I’ve always wanted to write about this in a serious way but it is such a big topic and I never can just focus on one point. I don’t know where to start and where to end and what and which and who should the post covers. Well, that’s why I have this rambling session.
*little notes: I know gender matters everywhere and there’s a lot of different aspects but I write this in the context of an assumingly-binary-world in Vietnam.
So, let’s start with a little story. For some reasons, beauty pageant contest is a thing that people care about in Vietnam. There is nothing wrong with such contests, people love beauty and so do I. I normally only watch the top 5 girls answering questions. And I remembered vaguely that one of the contestants, given the question “What makes Vietnamese women different from women all over the world?”, answered that it is “sacrifice”, and she meant that since the time of wars Vietnamese women have given all what they have to take care of their family and so on. I don’t remember her exact answer, but I do remember how confused I was. On one hand, I was like “okay, well, not bad, quick answer, I am too really proud of Vietnamese moms in the history”; and on the other hand I hated that answer. I mean, we are not at wars anymore. I don’t know if sacrifice is even a positive trait. Of course, it is a choice and can bring happiness and joy, but also, there are much more of a woman than just about family life.
I find many little things in our daily life disturbing. I hate big family gatherings when all male adults sit together, drink alcohol and have the food served, while their wives sit with the kids. Who clean up afterwards? You know the answer. I notice how that also effects kids’ mindsets. After dinner, all the girls will help clean up, wash the dishes, and the boys, most of the time, will just sit there with their phones, like it’s not their business. I hate when adults tell me that I have to know how to cook to be a good-wife-material later on. People don’t tell their sons that. But cooking is a life skill that everyone, regardless of sex and gender, should know to feed themselves, isn’t it?
It all starts at a young age. That’s why how we teach our next generations is extremely important. In my generation, most of the girls are expected to make their life choices with marriage put on their 1stpriority. Boys are not. In Vietnam, when a woman is not married at the age of 27, she will be silently judged by this cruel society, as if it is a failure. That’s why I’m already preparing my family by saying that I’m not going to get married until I’m 30, although they probably think I was joking.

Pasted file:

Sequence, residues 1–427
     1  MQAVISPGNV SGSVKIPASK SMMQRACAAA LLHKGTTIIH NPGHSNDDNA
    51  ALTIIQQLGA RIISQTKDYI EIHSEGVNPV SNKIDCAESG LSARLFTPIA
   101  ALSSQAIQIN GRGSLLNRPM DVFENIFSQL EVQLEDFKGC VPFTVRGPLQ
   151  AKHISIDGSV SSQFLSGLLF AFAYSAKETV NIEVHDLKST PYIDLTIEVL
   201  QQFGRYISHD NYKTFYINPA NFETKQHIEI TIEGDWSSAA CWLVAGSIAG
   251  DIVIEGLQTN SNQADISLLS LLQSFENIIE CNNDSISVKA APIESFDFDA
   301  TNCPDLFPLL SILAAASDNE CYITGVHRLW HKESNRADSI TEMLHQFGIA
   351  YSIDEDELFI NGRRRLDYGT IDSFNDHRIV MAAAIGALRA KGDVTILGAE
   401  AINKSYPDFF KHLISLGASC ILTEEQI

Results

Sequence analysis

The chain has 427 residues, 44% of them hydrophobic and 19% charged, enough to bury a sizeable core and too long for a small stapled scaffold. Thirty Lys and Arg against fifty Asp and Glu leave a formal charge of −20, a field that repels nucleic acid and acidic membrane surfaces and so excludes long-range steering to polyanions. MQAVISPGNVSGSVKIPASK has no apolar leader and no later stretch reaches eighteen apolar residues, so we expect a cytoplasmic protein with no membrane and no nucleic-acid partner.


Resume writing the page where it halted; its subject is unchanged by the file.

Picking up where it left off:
We’ve been taught as if it’s our fault to be girls. “Close your legs!”, “Sit like a girl!”, “No short shorts!”, “No spaghetti straps!”, and even “Cut the banana in half!” – sounds ridiculous, but that were what I’ve heard all the time growing up, as if I’m guilty just by being born as a girl. There are news pieces everywhere and everyday about girls being raped, being harassed on the streets, on taxi, busses… and yet when I scroll down the comment section, both men and women, blame the girl for being “too sexy”, for wearing “inappropriate”, or she might be a slut. A rapist said that the girl was too pretty he couldn’t control himself. What kind of argument is that? These people have been raised thinking that women are inherently guilty, and the idea of men being unable to control themselves is more acceptable than women being sexy. I’ve never heard a man being criticized for not having his T-shirt on.
Yes, many of my male friends tell me all the time that it is also really tiring to be a man in this society. You have to pay bills, to work your ass off to feed the family, to get lots of money to get married, so on and so forth. See how most of the struggles with being a man are all related to money? It is again because of our stereotypes and mindset that men have to be strong, tough, masculine, and we tie power and masculinity also with money. On dates, men are expected to pay to prove his manliness. On a book called “We Should All Be Feminist” by Chimamanda Ngozi Adichi, she said:
“What if both boys and girls were raised not to link masculinity and money? What if their attitude was not “the boy has to pay,” but rather, “whoever has more should pay.” Of course, because of their historical advantage, it is mostly men who will have more today. But if we start raising children differently, then in fifty years, in a hundred years, boys will no longer have the pressure of proving their masculinity by material means.”
Another thing I hate about these stupid stereotypes is that it oppresses people’s feelings. Boys are taught to not show their vulnerability, fear, tears and weaknesses… and that sucks. I hate feelings and emotions because I feel too much sometimes it’s overwhelming. And I think we all do. I don’t express my feelings often but then that’s why I know how confined and restricted it can be. After all, we are just human beings, aren’t we?
Sex is biologically determined, but gender (stereotype) is a social construction. And as it is constructed and also constantly reproduced, it can always be changed. And we need to change it, for the better.